In particular, it addresses the issue of people smugglers. I know Sky News have tried hard to draw attention to this issue, both in terms of people trying to reach Europe from Africa, the Middle East, Afghanistan and elsewhere and in terms of people trying to reach the US from Latin America, but it’s something about which there isn’t enough awareness. The flimsy, overcrowded boats. The financial exploitation. And, worst of all, the horrific abuse of vulnerable people. The smuggler whom they approach demands more money, and says that Nuri has to work for him in order to earn it. During Nuri’s absence, he rapes Afra. It’s all told from Nuri’s viewpoint, so we see him coming home to find Afra covered in blood and her clothes torn, and we hear about how he wants to kill her rapist but doesn’t dare because he wants his help, but we don’t hear about the effect of the attack on Afra herself, and I’m not sure that that really works … but then the book is meant to be Nuri’s story.

Nuri’s got such a positive image of England … in his case, a yellow and purple and pleasant land, rather than a green and pleasant land, because he’s envisioning fields of rapeseed and banks of heather and lavender for bees to feed on. As they do. I’m nervy of anything that buzzes and stings, but I had a swarm of bees on the lavender bush in my garden for months this summer, and I got rather fond of them! It’s a romantic image, like you might think of Switzerland as a land of pristine lakes and mountains, Brazil as a land of football and samba or Australia as a land of outdoor sports and barbecues on the beach, but it’s all positive. Yet, if a white English person were to speak like that about England, some aggressive Guardian reader would immediately howl that they were racist and stuck in the 1950s. I got the distinct impression during a recent holiday in the United States that there were similar issues there.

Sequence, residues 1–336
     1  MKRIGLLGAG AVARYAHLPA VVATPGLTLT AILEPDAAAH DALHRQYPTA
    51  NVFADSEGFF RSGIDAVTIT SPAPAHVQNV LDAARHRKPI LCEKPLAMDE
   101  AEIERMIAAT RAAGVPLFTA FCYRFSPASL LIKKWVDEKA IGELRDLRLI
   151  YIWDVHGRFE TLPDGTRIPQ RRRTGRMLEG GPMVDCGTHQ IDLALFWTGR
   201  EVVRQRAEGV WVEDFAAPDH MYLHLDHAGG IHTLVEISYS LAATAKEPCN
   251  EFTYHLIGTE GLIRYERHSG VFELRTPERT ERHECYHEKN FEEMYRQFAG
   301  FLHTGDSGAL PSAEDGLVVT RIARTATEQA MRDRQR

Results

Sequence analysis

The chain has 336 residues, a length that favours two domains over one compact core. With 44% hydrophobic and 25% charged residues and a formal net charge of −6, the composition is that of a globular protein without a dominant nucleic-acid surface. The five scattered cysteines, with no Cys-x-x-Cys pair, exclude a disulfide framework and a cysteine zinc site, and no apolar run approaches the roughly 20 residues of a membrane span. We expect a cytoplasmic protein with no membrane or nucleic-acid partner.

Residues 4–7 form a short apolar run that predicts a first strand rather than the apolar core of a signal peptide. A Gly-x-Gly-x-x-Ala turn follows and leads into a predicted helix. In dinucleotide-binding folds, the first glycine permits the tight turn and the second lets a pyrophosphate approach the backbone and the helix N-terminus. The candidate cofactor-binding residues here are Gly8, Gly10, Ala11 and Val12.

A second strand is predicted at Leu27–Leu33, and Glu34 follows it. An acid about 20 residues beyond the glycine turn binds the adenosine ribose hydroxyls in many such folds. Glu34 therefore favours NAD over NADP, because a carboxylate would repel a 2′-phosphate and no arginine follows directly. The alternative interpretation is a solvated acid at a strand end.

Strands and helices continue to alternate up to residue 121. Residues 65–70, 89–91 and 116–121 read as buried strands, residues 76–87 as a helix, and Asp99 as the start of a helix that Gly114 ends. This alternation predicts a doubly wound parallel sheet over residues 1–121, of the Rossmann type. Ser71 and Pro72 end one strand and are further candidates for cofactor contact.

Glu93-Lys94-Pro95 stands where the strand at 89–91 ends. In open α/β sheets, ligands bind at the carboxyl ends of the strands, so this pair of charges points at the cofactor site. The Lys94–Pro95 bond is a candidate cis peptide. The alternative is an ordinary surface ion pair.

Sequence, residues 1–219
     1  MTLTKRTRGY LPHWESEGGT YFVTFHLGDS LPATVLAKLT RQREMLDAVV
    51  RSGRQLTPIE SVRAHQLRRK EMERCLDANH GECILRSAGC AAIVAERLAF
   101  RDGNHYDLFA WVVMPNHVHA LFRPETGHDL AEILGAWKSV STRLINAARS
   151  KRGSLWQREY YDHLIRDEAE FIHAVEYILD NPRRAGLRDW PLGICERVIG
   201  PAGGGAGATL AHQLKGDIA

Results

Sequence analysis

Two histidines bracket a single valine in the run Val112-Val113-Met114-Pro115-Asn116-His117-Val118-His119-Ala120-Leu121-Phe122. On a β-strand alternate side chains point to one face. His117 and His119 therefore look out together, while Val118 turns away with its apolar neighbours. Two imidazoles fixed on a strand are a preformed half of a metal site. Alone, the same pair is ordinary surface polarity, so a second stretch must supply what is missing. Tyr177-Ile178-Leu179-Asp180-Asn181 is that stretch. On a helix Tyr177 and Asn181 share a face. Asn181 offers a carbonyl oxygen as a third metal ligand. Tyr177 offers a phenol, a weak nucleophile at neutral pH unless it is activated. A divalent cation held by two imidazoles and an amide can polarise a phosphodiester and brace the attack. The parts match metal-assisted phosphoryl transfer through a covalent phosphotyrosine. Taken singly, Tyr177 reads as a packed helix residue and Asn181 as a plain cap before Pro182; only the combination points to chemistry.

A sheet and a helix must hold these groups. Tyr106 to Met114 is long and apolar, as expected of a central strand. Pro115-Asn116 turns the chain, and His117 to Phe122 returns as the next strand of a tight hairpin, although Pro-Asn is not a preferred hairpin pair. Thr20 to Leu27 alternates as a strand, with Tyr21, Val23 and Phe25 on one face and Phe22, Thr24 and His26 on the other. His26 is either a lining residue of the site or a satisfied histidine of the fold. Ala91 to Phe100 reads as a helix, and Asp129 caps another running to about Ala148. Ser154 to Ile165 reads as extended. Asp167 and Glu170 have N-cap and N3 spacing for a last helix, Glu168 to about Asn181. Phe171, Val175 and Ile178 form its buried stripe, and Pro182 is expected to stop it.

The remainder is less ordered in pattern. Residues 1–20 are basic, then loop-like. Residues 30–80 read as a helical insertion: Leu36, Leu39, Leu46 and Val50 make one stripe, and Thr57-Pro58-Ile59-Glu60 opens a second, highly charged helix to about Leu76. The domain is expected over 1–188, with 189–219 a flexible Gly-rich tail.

I’ve been watching two travel series on the BBC, both about North America. One is the Hairy Bikers’ Route 66 programme, in which lovely Dave Myers and Si King meet members of many different communities, learn about their cultures, and are friendly and pleasant to everyone they meet, looking for the good in them all. The other is presented by Simon Reeve: I was looking forward to the first episode, because it included Vancouver, one of my favourite cities, but all that Reeve seemed to be interested in was finding excuses to make abusive, insulting comments about both the Canada and the US. I don’t know how we got so divided, but I do know that the world would be a much better place if more people took the Hairy Bikers’ approach and fewer people took the Simon Reeve approach. Like bees, we need to work together, not attack each other.

That’s what the real beekeeper of Syria, an academic from the University of Damascus, now a beekeeper of Huddersfield, wanted to do – not to attack and insult, but to build something positive.  He appealed for help, and a woman from Manchester (I had to get that in!) came forward with a hive of rare British black bees, to get him started.  He’s got lots of hives now, and the bees are producing honey.  It’s a lovely story, and it’s true.